There are 27 known moons of Uranus. Uranus is known to have the coldest know atmosphere anywhere in the solar system. There is no solid surface on Uranus, similar to the other gas giants. One issue that has perplexed scientists is the low internal heat produced from within Uranus, which is much lower than the other gas giants. Uranus also has ring system which is quite complex. The upper atmosphere of Uranus experiences very strong winds, similar to other gas giants. The axis of rotation of Uranus is tilted sideways. This means that poles of the planet are near the equator. Voyager 2 approached Uranus in 1986. The probe discovered 10 previously unknown moons of Uranus, the ring system around the planet, its axial tilt and studied the atmosphere of Uranus in great detail.

Neptune as Photographed by Voyager 2

4. Neptune: Neptune is similar to Uranus in composition. It is the first planet to be discovered by mathematical prediction rather than by observation. Neptune’s atmosphere is primarily composed of hydrogen and helium with traces of hydrocarbons, water and ammonia. The interior of Neptune is similar to that of Uranus. It is composed of ices and rock.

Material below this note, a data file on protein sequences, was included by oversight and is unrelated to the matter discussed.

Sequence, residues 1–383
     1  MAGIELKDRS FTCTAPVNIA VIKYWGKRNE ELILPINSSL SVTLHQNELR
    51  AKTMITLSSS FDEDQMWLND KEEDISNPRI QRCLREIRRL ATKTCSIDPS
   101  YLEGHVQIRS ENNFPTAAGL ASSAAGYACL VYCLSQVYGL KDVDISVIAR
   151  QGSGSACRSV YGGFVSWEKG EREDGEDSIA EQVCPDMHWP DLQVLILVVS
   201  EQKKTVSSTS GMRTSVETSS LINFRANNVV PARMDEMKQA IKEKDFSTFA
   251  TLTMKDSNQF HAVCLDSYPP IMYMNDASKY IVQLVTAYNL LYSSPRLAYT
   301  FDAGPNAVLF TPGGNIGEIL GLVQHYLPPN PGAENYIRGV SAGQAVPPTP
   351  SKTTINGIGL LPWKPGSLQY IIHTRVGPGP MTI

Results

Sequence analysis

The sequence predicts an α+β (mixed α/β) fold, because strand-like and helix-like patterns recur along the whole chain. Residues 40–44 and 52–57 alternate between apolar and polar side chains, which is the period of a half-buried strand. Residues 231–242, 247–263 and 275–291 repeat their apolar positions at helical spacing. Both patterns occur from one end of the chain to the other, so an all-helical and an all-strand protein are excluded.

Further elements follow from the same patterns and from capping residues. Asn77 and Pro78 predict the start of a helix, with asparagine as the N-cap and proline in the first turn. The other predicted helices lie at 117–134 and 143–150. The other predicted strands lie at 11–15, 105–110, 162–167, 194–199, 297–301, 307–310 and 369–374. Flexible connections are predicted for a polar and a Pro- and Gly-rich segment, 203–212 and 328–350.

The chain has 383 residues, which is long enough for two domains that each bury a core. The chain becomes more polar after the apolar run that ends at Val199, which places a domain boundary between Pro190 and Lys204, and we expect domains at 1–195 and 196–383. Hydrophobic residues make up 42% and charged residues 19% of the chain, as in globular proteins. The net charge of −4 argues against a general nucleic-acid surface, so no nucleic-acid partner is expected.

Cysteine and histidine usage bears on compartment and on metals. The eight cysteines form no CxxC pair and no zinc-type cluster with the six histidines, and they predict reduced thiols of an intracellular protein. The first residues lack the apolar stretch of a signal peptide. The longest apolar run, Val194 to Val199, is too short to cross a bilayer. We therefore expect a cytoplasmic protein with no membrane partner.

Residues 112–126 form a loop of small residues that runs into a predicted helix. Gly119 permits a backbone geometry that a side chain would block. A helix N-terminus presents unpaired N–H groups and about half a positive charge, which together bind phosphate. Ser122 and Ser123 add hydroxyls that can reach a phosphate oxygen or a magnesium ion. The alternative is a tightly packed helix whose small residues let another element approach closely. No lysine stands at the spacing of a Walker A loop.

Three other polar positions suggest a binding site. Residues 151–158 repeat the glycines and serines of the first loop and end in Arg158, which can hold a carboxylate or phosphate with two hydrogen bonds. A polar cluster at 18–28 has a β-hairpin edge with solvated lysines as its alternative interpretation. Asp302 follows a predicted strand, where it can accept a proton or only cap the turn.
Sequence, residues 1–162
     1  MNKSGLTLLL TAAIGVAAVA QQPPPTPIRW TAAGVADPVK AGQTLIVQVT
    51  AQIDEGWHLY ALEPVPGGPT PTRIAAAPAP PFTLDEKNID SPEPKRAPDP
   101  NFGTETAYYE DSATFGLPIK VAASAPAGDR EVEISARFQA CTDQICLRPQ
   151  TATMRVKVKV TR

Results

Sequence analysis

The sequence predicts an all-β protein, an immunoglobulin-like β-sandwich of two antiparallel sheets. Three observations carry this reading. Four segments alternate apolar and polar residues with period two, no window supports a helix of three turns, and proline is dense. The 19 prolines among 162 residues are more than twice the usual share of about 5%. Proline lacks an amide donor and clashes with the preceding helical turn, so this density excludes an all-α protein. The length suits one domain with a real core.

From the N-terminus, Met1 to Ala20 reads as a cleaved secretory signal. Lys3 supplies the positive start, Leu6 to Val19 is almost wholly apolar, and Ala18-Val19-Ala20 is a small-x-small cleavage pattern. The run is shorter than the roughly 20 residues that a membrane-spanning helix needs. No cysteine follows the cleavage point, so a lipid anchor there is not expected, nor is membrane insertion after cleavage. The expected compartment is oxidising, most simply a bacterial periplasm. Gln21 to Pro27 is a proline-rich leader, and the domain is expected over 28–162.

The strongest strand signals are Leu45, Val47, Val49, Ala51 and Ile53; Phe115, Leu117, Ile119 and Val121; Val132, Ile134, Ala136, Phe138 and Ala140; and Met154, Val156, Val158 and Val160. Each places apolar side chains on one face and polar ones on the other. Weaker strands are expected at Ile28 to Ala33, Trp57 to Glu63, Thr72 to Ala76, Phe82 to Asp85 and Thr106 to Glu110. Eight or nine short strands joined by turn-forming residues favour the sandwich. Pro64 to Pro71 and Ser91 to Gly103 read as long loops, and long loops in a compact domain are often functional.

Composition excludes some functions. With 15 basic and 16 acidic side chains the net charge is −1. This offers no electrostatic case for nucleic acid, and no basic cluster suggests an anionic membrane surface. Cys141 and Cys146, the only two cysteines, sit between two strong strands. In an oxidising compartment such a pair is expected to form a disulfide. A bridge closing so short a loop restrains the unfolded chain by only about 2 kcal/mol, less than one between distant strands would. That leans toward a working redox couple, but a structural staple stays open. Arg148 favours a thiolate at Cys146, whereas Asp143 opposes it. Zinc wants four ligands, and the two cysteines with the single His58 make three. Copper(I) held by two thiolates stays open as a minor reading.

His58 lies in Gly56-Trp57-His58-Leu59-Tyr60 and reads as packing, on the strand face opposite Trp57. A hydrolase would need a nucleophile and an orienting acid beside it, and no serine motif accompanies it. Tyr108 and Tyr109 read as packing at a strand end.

There are 12 known moons of Neptune. Neptune has a very active atmosphere with visible weather patterns. The most notable thing about Neptune’s atmosphere are the winds on Neptune. The winds on Neptune are the strongest anywhere in the solar system which speeds reaching in excess of 2,100 km/h. Neptune also has a very cold atmosphere, similar to that of Uranus.

There is also a ring system around Neptune, but it is not a highly complex system. Voyager 2 encountered Neptune in 1989 and made a close fly-by of one of Neptune’s moon Triton. Vast amounts of data were gathered by the probe on both Neptune and Triton. Voyager 2 also discovered the Great Dark Spot on Neptune, similar to Jupiter’s Great Red Spot. The spot has since disappeared from the planet’s surface.